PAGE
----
Too much in the son

A theater director wrestles history and Hamlet in Ghost Light, and this time it's personal

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To thine own self be true: Tyler James Myers (left) and Peter Macon in Ghost Light
PHOTO COURTESY OF KEVINBERNE.COM

arts@sfbg.com

THEATER The Berkeley Rep's thrust stage sinks to floor-level down front where a simply furnished living room freely communicates with the audience seated nearby, while to the back rises the imposing façade of San Francisco City Hall. The impressive jumble of a set (by Todd Rosenthal) ensures the jarring conflation of private and public life strikes us palpably before a single line is uttered in Ghost Light. As it happens, the first words are those famous ones spoken by Dianne Feinstein from City Hall on November 27, 1978, announcing the assassination of Mayor George Moscone and Supervisor Harvey Milk by former supervisor Dan White. They come over the television to a 14-year-old boy (Tyler James Myers) home sick from school the day his father died.

The dream play that follows is not realistic, but it is also more than fiction. A unique collaboration between Bay Area–based director and California Shakespeare Theater artistic director Jon Moscone (real-life youngest son of the slain mayor) and Berkeley Rep's Tony Taccone, Ghost Light is an at times promising but otherwise laden attempt to explore the stifled grief of a man haunted by the death of a murdered father — a father who was also a public figure, a political leader whose legacy is in some sense embattled (or at least seriously overshadowed by the subsequent apotheosis of Harvey Milk).

The complex feelings this entails for the son of such a man — whose career in the state senate and as mayor was arguably more important than Milk's to the legal and social battle for gay rights — are only heightened by the fact that the son is also gay, with a public profile of his own and the mixed blessing of a prominent family name.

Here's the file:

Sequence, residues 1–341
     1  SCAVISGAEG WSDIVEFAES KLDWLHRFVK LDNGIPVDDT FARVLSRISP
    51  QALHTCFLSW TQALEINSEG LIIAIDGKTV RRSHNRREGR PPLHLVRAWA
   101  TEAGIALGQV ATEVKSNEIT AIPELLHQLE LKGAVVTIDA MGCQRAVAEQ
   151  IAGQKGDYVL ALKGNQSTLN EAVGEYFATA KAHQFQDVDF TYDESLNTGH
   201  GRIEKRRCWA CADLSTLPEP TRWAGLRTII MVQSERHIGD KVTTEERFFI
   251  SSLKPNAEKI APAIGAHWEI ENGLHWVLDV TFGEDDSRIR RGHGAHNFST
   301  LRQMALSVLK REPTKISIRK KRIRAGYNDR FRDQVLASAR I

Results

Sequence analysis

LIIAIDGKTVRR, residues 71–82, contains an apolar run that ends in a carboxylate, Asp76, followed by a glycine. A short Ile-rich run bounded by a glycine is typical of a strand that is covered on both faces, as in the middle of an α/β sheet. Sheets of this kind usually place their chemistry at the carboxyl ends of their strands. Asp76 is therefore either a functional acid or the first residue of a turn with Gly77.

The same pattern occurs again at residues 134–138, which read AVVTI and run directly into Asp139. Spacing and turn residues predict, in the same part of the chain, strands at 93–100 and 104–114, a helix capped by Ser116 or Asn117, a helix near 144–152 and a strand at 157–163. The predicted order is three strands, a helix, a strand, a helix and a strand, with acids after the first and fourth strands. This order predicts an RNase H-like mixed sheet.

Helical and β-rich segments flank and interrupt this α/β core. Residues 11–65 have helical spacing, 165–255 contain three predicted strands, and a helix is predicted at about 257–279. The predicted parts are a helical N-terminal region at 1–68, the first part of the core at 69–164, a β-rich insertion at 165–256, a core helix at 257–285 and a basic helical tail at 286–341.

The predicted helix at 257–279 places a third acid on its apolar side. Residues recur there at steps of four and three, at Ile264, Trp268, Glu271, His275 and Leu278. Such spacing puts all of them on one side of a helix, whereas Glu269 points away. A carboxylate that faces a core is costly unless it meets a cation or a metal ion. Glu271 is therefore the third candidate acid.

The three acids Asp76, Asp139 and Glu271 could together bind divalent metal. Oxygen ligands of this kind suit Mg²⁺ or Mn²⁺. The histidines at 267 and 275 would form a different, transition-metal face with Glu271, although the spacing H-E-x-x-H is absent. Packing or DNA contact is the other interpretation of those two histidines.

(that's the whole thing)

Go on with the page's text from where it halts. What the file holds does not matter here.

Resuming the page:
If the son in this situation-turned-scenario sounds a little like Hamlet, the comparison was not lost on Taccone either, who penned the script while drawing on hours of freewheeling conversations with Jon Moscone, initiator of the project and the play's director. (Ghost Light had its world premiere last year in Ashland at the Oregon Shakespeare Festival, where it was commissioned as part of its "American Revolutions: The United States History Cycle.") Director-turned-playwright Taccone has the character "Jon" (played with manic energy and sudden introspection by a sympathetic Christopher Liam Moore) stuck midway through the preparations for a production of Hamlet, unable to decide what to do with the Ghost — indeed, haunted by the whole idea. This unusual block has his best friend and collaborator Louise (a lively if slightly affected Robynn Rodriguez) frustrated and worried.

Jon's block also feeds a dream life populated by several characters — a Loverboy (Danforth Comins) spun from an online flirtation; his perennially 14-year-old self (Myers) locked in a battle of wills with some cosmic undertaker cum grief councilor named Mister (a sure, larger-than-life Peter Macon); the silent image of his black-veiled widow mother (Sarita Ocón); and a menacing prison guard in a soiled shirt (a sharp Bill Geisslinger), who turns out to be the grandfather he never knew.

Comments

This is a good play that explores many themes, and seeks to engage the audience in cultural and political issues. There are definite inspirations that draw from Hamlet, but the actors are able to make the roles their own.

Posted by Michelle Kollathe on Aug. 29, 2012 @ 11:51 pm

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